A Pet Sitter’s Advice about Pet Sitting and Dog Walking
Lee Rienerth has worked as a pet sitter and dog walker for many years. Forced into early “retirement” from her sales manager position, she soon discovered her work as a pet sitter more fun and rewarding. Lee loves both cats and dogs, having had both, including her beloved Doberman, Fritz and she now lives with two cats, Gracie and Goldie.
Lee’s advice to pet owners hiring a pet sitter or dog walker includes:
- Do not forget the food. Be sure the pet sitter knows where to find the dog or cat food and that there is enough food for your pet the entire time you are gone. Once Lee had to go out and buy dog food because she could not locate any in the house.
- If your pet is taking medications, be sure to leave detailed instructions for administering the medications and where they are kept. Also, ask the pet sitter if she is comfortable administering medications. A couple of times Lee was brought in on a job because the pet sitter assigned to the job was unable to administer the medications.
- Provide instructions regarding your pet’s care. However, do not get too detailed. Some owners would leave such lengthy instructions that it would take Lee an hour to go through them all. Unless there is an extraordinary circumstance, it is unlikely you need to provide that level of detail.
- If there are particular routes you take when walking your dogs, it is a good idea to pass along that information. Especially, for example, if you avoid Irving Street because your Leonberger is afraid of the Chihuahua that lives on that block.
- Provide your veterinarian’s information and the emergency veterinarian hospital you use in case of an emergency.
- Provide contact information for a person who lives nearby, is familiar with your pets, and can be asked for assistance in case it is needed.
- If you want daily updates be sure to specify how you wish to receive the updates, such as email, text, or phone call.
- If you hire a pet sitter or dog walker through a service, such as Fetch Pet Care, they will have done a lot of the leg work for you, in that they will have interviewed and vetted the pet sitter. They will also have insurance. If you hire an independent dog walker or pet sitter, ask if they are insured.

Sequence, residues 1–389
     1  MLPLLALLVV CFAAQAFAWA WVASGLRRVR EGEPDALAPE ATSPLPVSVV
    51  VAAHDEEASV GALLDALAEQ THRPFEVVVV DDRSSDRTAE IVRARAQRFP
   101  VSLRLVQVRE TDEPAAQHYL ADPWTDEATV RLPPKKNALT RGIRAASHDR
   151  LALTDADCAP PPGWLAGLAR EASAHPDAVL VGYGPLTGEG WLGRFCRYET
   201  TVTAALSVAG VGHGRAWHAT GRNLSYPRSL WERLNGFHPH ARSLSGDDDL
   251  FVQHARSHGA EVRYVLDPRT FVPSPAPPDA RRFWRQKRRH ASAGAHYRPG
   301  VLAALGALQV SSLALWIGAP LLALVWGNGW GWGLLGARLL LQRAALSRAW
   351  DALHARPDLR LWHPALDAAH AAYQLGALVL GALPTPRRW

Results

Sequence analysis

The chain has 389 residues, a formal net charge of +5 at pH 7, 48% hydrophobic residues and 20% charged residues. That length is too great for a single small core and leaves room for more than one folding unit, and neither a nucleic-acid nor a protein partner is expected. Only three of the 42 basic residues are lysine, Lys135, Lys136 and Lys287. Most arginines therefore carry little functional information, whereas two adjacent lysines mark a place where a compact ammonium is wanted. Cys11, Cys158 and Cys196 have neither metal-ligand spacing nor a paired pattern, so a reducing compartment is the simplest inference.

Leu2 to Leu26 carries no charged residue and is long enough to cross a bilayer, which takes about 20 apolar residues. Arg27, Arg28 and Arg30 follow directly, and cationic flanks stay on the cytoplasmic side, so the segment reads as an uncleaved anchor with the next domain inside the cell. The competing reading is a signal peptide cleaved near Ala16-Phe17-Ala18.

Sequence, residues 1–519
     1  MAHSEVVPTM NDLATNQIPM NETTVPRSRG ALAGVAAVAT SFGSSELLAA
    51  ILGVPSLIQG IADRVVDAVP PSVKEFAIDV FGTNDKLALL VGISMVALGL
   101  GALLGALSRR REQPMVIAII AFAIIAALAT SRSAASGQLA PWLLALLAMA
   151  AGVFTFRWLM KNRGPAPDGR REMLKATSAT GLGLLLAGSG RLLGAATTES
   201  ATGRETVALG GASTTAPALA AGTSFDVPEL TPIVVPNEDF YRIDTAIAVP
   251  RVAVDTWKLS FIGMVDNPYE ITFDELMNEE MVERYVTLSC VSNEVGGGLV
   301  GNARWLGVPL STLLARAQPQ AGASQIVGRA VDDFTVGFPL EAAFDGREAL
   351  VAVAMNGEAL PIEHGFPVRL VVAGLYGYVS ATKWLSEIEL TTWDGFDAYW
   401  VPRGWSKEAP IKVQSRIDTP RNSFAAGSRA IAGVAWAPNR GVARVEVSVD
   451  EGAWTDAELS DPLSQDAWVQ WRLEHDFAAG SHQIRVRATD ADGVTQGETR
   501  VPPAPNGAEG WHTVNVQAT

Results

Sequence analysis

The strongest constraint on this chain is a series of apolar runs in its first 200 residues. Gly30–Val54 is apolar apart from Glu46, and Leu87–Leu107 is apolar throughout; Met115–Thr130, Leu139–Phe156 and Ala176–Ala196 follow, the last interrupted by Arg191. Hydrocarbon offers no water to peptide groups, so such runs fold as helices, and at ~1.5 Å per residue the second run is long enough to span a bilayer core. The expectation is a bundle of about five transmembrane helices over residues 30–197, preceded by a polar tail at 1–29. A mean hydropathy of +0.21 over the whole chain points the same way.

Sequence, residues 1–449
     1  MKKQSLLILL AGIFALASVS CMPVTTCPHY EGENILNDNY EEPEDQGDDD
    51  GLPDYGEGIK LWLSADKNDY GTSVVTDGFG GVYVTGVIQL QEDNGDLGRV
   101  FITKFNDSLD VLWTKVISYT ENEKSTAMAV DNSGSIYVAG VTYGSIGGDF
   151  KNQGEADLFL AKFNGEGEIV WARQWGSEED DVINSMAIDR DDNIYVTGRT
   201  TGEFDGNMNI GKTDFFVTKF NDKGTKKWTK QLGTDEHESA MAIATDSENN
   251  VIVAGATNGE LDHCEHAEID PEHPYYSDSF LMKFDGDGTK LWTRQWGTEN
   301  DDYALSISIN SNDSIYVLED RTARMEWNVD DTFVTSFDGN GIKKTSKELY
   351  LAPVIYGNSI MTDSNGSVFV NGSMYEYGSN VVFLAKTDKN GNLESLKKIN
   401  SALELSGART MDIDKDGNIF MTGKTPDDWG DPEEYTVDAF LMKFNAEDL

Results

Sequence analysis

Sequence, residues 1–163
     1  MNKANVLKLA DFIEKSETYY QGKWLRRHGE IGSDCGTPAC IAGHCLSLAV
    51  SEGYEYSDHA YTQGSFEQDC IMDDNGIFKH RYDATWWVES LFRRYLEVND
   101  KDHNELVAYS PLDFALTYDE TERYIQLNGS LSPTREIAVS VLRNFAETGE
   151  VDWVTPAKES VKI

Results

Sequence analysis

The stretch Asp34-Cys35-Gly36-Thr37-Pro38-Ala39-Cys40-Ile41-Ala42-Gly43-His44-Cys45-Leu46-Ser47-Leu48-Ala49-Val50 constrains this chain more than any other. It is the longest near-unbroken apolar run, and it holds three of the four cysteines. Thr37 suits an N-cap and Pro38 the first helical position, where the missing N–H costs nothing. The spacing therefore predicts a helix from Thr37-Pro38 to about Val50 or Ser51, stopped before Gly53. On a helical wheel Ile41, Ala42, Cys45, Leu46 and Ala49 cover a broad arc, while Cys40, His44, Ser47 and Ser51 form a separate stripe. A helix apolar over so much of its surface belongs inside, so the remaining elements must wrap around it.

- Consider leaving the pet sitter or dog walker a tip. If you use a service, keep in mind that the pet sitter is only getting between 25 to 50 percent of what you pay the service. If your dog or cat loves that person, then thank them with a tip.
If you are thinking about becoming a pet sitter and/or dog walker, Lee recommends:
- Take a first aid class. Pet Tech offers Pet CPR and First Aid Classes throughout the United States. Go to Pet Tech to find a class near you. If there is no first aid class in your area, take a human CPR and first aid class which will give you the basics. Once Lee was walking a dog when a cat lunged from under a car and scratched the dog’s face. Lee knew what to do and took the dog home, cleaned the wounds with peroxide and put some Neosporin on them to keep them clean. She then called the owner and offered to take the dog to the vet.
- Take a dog training class. At a minimum educate yourself by reading up about dog and cat behavior, so you can better understand the pets. Do not rely solely on experience with your own pets; working with a variety of pets is much different than caring for your own. Lee had a dog wiggle out of a harness while walking her. Lee knew better than to chase the dog, which would result in a great game (from the dog’s perspective) of chase. She sat down on the ground and patiently called the dog until it came back to her, which it did.
- Know your limits. If you are a petite 95 pound human being asked to walk a 100 pound St. Bernard, you may want to think twice about accepting that job. If the owner is asking for something you are not comfortable doing, such as putting pajamas on a dog to sleep at night, be honest and decline to do so. Don’t put yourself in an uncomfortable situation. The pet industry is growing rapidly, there will be other jobs.
- Lee found that 95% of pet owners are friendly nice people who just want to be assured their pet will be well taken care of in their absence. The other 5% may be a bit arrogant and ironically, Lee found their pets took on the personality of the owners. Lee claims there are snobby dogs and cats, but Lee was always able to win them over.
- Lee has worked both independently and through a service. If you work through a service, the service does all of the advertising and builds the client base, provides insurance, collects the payments and provides you a back-up, should you have your own emergency to deal with that would prevent you from completing a job. Lee found that both working independently and through a service has its pros and cons; it depends on your own situation.
Lee’s enthusiasm for her job was apparent during our interview. She loves working with dogs and cats and finds it most rewarding. She admitted that very morning that she had to pull herself away from a cat she is looking after, because the cat had fallen asleep in her lap. What a great job — paid to cuddle with a cat!